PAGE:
CNET First Look
Dell Venue (unlocked)Dell's first Android smartphone wasn't very impressive, but does the company right some wrongs on its second try? Check out our First Look of the Dell Venue to find out.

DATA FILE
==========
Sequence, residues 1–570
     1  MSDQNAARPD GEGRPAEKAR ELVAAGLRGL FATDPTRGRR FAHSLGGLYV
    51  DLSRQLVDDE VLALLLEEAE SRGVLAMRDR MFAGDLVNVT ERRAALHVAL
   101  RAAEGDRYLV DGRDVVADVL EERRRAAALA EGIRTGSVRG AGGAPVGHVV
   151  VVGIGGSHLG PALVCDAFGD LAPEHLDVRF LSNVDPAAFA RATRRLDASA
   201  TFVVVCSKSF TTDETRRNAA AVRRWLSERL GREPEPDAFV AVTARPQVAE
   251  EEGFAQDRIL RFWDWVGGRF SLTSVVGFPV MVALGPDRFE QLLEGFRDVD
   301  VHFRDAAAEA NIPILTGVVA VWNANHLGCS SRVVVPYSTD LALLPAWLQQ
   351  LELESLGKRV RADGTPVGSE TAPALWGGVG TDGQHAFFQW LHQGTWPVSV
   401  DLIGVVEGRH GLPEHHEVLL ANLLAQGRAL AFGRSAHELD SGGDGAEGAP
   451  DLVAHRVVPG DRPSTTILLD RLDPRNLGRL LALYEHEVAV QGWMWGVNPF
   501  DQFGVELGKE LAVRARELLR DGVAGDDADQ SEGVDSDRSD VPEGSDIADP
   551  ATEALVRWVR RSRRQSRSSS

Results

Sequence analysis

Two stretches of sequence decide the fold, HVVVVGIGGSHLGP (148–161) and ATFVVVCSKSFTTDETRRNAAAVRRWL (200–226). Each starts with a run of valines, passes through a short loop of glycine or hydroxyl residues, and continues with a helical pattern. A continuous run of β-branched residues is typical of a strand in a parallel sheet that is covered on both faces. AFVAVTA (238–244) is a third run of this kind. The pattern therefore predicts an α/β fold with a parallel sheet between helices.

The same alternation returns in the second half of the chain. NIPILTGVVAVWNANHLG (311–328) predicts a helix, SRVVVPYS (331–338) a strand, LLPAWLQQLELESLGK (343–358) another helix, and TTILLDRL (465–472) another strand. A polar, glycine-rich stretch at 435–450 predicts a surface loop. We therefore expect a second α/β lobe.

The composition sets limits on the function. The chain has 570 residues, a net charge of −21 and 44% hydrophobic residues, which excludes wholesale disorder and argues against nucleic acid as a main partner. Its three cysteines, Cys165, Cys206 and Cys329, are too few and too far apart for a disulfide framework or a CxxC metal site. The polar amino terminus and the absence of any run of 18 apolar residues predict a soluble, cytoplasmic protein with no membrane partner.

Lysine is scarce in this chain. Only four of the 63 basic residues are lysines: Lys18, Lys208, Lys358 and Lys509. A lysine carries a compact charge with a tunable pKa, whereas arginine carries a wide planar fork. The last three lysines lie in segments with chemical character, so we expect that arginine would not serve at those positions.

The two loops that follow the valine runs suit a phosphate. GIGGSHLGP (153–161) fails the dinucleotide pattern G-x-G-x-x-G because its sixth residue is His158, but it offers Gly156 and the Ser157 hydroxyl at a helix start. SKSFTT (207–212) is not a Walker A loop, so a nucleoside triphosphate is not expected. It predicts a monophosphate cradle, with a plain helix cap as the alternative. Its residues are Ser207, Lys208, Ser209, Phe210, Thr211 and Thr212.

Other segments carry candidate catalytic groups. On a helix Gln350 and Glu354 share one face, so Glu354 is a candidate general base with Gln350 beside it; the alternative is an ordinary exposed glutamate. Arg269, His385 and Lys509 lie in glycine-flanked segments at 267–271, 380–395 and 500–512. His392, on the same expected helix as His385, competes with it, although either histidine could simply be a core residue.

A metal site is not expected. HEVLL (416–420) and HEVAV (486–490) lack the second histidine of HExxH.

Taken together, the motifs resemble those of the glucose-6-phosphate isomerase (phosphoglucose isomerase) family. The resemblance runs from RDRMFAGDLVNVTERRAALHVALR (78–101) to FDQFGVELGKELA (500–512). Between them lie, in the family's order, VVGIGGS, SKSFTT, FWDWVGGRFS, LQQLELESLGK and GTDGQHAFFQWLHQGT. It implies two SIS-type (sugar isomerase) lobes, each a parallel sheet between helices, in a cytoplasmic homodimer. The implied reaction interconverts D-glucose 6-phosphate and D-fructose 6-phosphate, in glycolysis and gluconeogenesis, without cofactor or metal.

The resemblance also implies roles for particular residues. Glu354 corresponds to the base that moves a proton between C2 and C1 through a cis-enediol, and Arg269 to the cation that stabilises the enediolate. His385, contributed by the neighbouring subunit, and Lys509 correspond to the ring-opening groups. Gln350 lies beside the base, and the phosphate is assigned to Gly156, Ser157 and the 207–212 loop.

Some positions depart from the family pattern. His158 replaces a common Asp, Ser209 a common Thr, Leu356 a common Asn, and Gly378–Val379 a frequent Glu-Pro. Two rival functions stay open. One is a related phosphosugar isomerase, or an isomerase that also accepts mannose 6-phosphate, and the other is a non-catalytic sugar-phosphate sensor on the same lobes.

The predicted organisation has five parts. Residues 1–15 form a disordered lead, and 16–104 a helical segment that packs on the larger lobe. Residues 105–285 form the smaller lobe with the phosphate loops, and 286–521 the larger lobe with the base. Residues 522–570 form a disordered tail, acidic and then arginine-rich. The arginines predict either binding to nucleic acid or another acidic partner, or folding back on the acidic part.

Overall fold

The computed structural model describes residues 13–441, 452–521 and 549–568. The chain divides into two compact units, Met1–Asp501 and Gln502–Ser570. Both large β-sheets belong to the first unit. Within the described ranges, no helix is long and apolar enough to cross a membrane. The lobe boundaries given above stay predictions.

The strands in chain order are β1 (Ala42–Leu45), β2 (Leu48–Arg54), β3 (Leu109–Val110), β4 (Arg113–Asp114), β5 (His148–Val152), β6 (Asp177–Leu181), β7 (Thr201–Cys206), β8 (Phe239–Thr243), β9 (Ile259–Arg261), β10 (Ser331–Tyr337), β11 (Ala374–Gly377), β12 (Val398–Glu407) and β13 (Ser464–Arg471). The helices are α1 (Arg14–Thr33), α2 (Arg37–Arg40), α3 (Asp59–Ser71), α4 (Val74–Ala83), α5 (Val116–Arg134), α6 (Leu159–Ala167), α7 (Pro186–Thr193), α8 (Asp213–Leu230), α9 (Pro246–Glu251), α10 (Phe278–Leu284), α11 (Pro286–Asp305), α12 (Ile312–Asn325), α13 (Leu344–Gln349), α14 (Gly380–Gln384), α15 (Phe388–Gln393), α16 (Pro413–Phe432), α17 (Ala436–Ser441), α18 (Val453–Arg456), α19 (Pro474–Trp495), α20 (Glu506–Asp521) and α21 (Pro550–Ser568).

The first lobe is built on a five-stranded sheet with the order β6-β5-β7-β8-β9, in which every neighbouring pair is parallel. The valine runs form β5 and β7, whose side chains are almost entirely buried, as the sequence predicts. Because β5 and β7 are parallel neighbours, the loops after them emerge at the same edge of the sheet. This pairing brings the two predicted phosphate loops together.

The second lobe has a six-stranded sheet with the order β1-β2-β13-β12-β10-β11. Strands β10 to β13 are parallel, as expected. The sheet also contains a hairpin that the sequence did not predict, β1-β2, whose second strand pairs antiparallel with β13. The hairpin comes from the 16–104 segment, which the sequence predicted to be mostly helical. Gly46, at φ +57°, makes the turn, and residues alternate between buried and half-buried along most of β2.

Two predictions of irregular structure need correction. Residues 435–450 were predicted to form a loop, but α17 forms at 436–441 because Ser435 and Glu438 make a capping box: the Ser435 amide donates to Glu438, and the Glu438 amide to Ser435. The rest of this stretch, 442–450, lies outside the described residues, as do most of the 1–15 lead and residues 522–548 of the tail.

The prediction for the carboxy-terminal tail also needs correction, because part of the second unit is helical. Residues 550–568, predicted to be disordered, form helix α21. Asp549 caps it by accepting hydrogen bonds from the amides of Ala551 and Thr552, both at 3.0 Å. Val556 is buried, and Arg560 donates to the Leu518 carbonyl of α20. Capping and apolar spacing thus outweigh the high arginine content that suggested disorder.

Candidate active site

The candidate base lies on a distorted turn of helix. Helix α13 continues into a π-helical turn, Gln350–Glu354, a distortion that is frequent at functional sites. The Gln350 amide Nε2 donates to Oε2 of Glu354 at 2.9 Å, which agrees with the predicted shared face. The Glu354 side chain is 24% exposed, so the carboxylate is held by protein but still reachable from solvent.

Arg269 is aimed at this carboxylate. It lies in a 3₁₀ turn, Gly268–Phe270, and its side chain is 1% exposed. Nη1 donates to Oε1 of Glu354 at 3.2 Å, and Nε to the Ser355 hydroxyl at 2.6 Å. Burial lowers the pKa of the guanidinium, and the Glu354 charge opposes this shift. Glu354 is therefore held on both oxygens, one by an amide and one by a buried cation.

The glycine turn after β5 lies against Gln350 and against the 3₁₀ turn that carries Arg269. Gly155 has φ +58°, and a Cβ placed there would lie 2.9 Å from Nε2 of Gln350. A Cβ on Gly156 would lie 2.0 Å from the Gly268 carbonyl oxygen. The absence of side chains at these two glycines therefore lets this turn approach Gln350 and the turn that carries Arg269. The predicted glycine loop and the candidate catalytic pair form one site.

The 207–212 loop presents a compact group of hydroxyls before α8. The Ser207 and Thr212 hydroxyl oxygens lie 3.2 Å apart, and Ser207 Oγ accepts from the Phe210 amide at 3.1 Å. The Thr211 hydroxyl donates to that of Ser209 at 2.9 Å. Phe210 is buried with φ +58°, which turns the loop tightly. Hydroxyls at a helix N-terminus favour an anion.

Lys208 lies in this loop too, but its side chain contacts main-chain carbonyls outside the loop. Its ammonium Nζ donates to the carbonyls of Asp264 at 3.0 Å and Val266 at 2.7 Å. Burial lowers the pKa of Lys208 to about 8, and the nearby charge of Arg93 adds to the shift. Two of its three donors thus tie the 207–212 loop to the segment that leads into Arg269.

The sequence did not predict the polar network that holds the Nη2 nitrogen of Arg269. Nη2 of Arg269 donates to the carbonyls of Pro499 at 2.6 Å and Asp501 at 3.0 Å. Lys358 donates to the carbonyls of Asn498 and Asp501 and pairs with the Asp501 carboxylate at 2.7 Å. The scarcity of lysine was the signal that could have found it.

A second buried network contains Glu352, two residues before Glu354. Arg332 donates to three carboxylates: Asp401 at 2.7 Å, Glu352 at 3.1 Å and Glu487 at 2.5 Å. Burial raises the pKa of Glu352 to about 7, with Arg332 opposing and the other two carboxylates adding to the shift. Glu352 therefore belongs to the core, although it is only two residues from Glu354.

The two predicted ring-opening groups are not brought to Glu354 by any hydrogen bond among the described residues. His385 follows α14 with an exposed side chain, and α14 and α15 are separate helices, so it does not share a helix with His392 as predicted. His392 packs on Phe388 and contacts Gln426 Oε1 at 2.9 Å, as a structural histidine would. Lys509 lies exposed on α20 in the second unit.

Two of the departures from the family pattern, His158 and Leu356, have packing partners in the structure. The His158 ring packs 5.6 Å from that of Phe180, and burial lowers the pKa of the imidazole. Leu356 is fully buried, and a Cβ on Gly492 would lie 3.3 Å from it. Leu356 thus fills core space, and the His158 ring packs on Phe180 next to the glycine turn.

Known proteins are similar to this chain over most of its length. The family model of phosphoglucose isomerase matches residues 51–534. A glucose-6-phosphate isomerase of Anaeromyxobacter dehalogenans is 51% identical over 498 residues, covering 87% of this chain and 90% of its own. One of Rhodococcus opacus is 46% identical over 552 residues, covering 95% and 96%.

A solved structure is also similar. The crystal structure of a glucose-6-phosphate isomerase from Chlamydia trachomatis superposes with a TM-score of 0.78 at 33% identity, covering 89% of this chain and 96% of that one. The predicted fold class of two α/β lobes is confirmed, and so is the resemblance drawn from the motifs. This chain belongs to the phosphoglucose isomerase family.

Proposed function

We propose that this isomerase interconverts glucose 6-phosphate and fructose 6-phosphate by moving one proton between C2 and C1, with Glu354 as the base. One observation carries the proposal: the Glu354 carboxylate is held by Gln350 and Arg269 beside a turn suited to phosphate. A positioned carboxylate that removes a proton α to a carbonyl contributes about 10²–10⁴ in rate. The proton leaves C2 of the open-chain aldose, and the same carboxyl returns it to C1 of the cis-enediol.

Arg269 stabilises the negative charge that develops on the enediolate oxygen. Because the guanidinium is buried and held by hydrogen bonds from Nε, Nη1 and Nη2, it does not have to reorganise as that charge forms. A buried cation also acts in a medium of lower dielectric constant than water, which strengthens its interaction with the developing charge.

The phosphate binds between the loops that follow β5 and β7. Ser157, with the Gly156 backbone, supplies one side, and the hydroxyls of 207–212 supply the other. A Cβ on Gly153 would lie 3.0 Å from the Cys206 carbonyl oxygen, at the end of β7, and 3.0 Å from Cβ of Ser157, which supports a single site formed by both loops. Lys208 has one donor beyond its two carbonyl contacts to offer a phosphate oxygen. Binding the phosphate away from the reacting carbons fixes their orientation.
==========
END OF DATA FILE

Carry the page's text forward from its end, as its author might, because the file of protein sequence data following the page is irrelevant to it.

-Hey everyone. I'm Bonnie Cha, Senior Editor at CNET.com, and I'm here today with your first look of the Dell Venue. This was introduced at CES 2011 and it's Dell's second attempt at an Android smartphone. Their first was the Dell Aero which wasn't very impressive at all but, so far, the Venue looks like a huge improvement. For one thing, the Venue doesn't feel plasticky or cheap like the Aero. The phone's design is actually very similar to the Dell Venue Pro and is nice and solid. It has the same overall shape and look but the big difference is that it doesn't have a slide-out QWERTY keyboard. This makes for a slightly thinner and lighter smartphone, so it's easier to hold and carry around in the pocket. On front, you've got a 4.1-inch WVGA AMOLED multi-touch screen that displays larger size. It makes it great for viewing web pages, pictures, and video. It's not quite as sharp as the displays on the Samsung Galaxy S series or the Motorola ATRIX, but it's sufficiently bright and clear so you shouldn't have problems reading the screen. Now, you might have noticed that the Venue has a bit of a different interface. It's running Android 2.2 but on top of that is Dell's own Stage UI which is also used on the company's Streak tablet line. It offers widget [unk] content front and center for easier access and better organization. For example, the gallery widget shows your latest photos so you can simply tap on an image or video to view it full screen. The Stage also provides similar widgets for your recent apps, music, contacts, e-mail, web pages, and others. I was a little apprehensive about the UI when I first fired up the Venue but I'm warming up to it. I like how it shows you all your recent content in a nice grid format and there's nice touches such as this feature where you can touch the bottom toolbar and easily move between the various homescreens. In the end though, I'm still a big fan of the stock Android interface. Other notable features on the Venue include a 1 gigahertz Snapdragon processor and, so far, the smartphone has been running smoothly. It also has an 8 megapixel camera but I haven't been impressed by the picture quality so far. Photos come out a bit hazy and the colors are also dull. The Venue is sold as an unlocked GSM phone so you can use it with T-Mobile or AT&T, but it only supports T-Mobile 3G network so beware of that. Overall, I think the Dell Venue is pretty solid and heaps better than the Aero, but the Nexus S from Samsung is also an unlocked Android phone and it's running Android 2.3 with a Pure Google Experience. It also has a better camera and sleeker design. So, for the money, I'd be slightly more inclined to go with the Nexus. The Venue is available now online from Dell for $500. I am Bonnie Cha and this has been your first look at the Dell Venue.